New Delhi: A recent study has claimed that even a two-hour of exposure to air pollution, especially in the form of vehicular exhaust can nullify the positive impacts of walking. It can affect the lungs and hearts of the elderly severely, researchers have warned. The findings of the study has inferred that even short-term exposure to traffic exhaust can have negative impacts on both healthy people as well as those who are suffering from lungs-relate disorders like chronic obstructive pulmonary disease or coronary disease.

The study comes at a time when north India is facing a serious crisis due to rising levels of pollution.

“This adds to the growing body of evidence showing the negative cardiovascular and respiratory impacts of even a short, two-hour exposure to motor traffic pollution,” said Junfeng “Jim” Zhang, Professor at Duke University in North Carolina, US.

On the other hand, people who walked for two hours in a large city park — away from direct exposure to street-side traffic fumes — reduced arterial stiffness by more than 24 per cent in healthy and COPD volunteers and more than 19 per cent in heart disease patients.

However, those who got exposed to pollution experienced a maximum reduction of just 4.6 per cent in arterial stiffness, 16 per cent reduction in COPD and an 8.6 per cent reduction in heart disease.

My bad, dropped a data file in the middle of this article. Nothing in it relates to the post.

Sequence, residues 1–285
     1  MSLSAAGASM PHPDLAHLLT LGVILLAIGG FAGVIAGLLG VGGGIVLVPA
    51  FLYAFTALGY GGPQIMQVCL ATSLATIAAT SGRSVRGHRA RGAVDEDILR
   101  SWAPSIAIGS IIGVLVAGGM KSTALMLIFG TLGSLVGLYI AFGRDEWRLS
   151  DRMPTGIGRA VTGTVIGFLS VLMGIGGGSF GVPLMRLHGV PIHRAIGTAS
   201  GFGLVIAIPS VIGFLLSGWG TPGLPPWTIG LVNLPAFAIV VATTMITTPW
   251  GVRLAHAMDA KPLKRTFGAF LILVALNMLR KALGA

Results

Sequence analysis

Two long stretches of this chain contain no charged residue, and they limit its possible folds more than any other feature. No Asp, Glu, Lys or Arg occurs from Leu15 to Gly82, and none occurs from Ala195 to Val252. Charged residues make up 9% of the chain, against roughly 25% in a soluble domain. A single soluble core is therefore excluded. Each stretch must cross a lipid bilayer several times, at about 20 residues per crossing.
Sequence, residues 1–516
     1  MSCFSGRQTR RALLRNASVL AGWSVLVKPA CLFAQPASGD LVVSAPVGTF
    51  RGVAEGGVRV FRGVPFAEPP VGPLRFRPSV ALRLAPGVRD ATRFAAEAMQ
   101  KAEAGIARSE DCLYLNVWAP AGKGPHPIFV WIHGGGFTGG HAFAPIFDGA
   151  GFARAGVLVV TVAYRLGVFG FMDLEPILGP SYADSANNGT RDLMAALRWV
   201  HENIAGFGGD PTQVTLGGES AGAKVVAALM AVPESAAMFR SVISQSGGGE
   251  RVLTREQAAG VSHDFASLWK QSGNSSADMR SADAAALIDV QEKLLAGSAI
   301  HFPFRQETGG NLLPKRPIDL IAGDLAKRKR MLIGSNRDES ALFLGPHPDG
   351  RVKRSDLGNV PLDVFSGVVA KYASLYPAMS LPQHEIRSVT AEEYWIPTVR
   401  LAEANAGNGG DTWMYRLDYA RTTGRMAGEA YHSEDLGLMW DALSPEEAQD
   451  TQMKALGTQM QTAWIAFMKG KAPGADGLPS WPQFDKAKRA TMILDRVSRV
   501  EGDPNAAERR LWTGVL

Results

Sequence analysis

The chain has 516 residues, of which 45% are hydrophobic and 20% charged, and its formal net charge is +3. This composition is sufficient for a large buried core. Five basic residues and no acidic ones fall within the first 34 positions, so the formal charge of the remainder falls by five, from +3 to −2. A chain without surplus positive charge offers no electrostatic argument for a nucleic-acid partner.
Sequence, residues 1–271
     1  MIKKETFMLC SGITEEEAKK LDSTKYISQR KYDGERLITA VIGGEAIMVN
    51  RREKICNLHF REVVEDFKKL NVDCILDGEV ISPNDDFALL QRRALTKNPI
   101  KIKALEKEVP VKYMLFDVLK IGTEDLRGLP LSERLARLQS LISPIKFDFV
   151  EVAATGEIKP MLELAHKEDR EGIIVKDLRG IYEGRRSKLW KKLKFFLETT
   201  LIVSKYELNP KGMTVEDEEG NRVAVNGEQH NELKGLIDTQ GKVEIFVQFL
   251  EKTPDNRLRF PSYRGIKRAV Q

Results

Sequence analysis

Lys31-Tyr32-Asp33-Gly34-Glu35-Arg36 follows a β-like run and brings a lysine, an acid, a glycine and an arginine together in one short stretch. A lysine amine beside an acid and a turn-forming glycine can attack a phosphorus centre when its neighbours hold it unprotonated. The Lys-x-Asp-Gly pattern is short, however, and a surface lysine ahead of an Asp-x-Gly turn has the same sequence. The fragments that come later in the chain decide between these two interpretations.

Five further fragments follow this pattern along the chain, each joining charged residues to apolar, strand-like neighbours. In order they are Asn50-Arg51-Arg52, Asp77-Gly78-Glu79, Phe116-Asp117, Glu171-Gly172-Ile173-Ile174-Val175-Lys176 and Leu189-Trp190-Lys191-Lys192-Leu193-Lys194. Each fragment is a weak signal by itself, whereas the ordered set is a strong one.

“For many people, such as the elderly or those with chronic disease, the only exercise they very often can do is to walk,” added Fan Chung, Professor at the Imperial College London.

The study, published in The Lancet, highlights the need for stricter air quality limits and better traffic-control measures in our cities as well as greater access to urban green spaces for people to exercise, the researchers said.

According to a UN Children’s Fund (Unicef) report, children’s exposure to air pollution can permanently damage their brains.

“Combined with evidence from other studies, our findings underscore that we can’t really tolerate the levels of air pollution that we currently find on our busy streets,” Chung said.

Pregnant women who were exposed to traffic related pollutants especially PM2.5 were linked to 2-6% chances of low birth weight and 1-3% increased chances of being small for gestational age. The study was published in the journal BMJ.